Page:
GREEN BUILDING STANDARDS ENSNARE BUILDERS
July 12, 2005
Environmentally friendly building standards (green building standards) may work well for some types of buildings but should not be made mandatory for all new government buildings, says Todd Myers, Director of the Center for Environmental Policy at the Washington Policy Center.
Mandating any green building standard limits the flexibility of builders to make choices appropriate to each particular structure. Still, governments chose to adopt the Leadership in Energy and Environmental Design (LEED) standard, which will likely raise the cost of housing for consumers and increase tax burdens.
Advocates of mandating green building standards argue it will only cost an addition zero to two percent in up front costs while cutting energy and other costs dramatically over time. However, the studies advocates cite for these statistics are flawed. Consider:
- An estimated 16 percent of new government buildings use LEED compared to only 1 percent of new commercial buildings, indicating that if LEED's promise of dramatic energy savings were true, many more businesses would incorporate them into their construction.
- In one study, LEED projects were found to be cost effective as advocated; however, the study only looked at projects where the owners chose to follow LEED and does not include cost estimates from projects where LEED was rejected due to cost or other considerations.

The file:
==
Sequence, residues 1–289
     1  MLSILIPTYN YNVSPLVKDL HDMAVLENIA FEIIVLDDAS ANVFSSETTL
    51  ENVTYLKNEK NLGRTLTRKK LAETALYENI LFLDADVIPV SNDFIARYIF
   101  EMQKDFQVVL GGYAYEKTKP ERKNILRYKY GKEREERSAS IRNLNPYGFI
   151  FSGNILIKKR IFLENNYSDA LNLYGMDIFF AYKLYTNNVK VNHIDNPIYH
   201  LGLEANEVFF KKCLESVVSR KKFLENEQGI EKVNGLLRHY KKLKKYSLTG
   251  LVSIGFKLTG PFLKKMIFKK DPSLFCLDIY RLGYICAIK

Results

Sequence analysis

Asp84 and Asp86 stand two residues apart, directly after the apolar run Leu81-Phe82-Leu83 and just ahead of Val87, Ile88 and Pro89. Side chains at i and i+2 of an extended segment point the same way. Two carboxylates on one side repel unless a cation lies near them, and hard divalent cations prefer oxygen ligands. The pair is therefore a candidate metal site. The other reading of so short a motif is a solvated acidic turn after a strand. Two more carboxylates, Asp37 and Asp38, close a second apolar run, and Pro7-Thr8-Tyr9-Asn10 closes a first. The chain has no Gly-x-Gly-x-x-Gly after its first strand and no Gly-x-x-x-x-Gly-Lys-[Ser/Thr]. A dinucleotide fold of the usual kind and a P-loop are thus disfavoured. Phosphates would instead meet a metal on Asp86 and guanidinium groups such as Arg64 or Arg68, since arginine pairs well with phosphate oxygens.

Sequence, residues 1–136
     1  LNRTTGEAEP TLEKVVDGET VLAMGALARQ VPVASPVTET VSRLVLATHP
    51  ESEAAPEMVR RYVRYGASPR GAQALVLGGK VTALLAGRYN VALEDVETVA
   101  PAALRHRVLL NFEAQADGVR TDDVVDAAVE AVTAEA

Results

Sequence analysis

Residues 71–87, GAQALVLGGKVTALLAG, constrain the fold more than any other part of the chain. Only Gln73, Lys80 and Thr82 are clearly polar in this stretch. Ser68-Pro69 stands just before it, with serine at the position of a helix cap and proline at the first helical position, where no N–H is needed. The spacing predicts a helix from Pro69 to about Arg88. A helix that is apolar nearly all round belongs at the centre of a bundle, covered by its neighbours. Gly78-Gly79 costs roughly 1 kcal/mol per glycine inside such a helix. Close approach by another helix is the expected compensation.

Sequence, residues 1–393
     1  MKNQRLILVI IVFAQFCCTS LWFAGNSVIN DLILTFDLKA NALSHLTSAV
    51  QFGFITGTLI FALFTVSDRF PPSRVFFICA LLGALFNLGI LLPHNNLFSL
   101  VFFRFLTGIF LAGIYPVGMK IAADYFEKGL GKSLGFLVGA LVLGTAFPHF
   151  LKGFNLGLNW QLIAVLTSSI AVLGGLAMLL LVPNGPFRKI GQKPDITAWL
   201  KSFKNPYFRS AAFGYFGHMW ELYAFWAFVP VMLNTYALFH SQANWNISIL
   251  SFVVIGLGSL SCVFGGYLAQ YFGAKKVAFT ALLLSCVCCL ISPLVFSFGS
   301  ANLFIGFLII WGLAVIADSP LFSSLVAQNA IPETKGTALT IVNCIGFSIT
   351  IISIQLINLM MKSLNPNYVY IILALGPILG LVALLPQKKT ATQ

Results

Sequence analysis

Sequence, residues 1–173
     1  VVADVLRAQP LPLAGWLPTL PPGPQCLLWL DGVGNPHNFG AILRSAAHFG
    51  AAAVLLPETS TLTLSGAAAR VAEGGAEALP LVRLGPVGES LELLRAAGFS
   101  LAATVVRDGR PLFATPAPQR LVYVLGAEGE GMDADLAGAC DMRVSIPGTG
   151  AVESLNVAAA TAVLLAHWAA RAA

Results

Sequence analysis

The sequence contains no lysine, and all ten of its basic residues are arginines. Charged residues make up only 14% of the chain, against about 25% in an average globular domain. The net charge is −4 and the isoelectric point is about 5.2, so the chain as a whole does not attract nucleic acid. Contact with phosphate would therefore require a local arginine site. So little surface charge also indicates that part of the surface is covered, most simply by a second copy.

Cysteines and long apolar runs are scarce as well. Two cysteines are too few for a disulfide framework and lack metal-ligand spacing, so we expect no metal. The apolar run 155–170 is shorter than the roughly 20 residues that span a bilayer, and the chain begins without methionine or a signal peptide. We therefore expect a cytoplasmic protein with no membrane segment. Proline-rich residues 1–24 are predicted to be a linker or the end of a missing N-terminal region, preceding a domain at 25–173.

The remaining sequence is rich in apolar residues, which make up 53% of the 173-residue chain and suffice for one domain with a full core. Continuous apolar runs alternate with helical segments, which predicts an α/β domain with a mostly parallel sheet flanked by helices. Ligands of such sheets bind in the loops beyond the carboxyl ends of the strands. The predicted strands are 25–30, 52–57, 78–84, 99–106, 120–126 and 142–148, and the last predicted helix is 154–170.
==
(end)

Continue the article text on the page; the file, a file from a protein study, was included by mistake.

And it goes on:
- LEED standards, geared toward office buildings, are not suitable for other types of buildings like warehouses, schools and prison facilities, and LEED cost estimates do not take into account the long-term maintenance costs derived from adhering to LEED standards.
Rather than mandating such standards, governments should allow the ongoing development of a competitive system for voluntary green building standards. A dynamic market process will enable standards to continually improve by responding to the needs of consumers and builders, adjusting to new technology and experience, using competition to promote a variety of approaches, says Myers.
Source: Todd Myers, "Green Building Standards: Why Mandating a Good Idea Can Be Bad Policy," Competitive Enterprise Institute, On Point Number 96, May 12, 2005.
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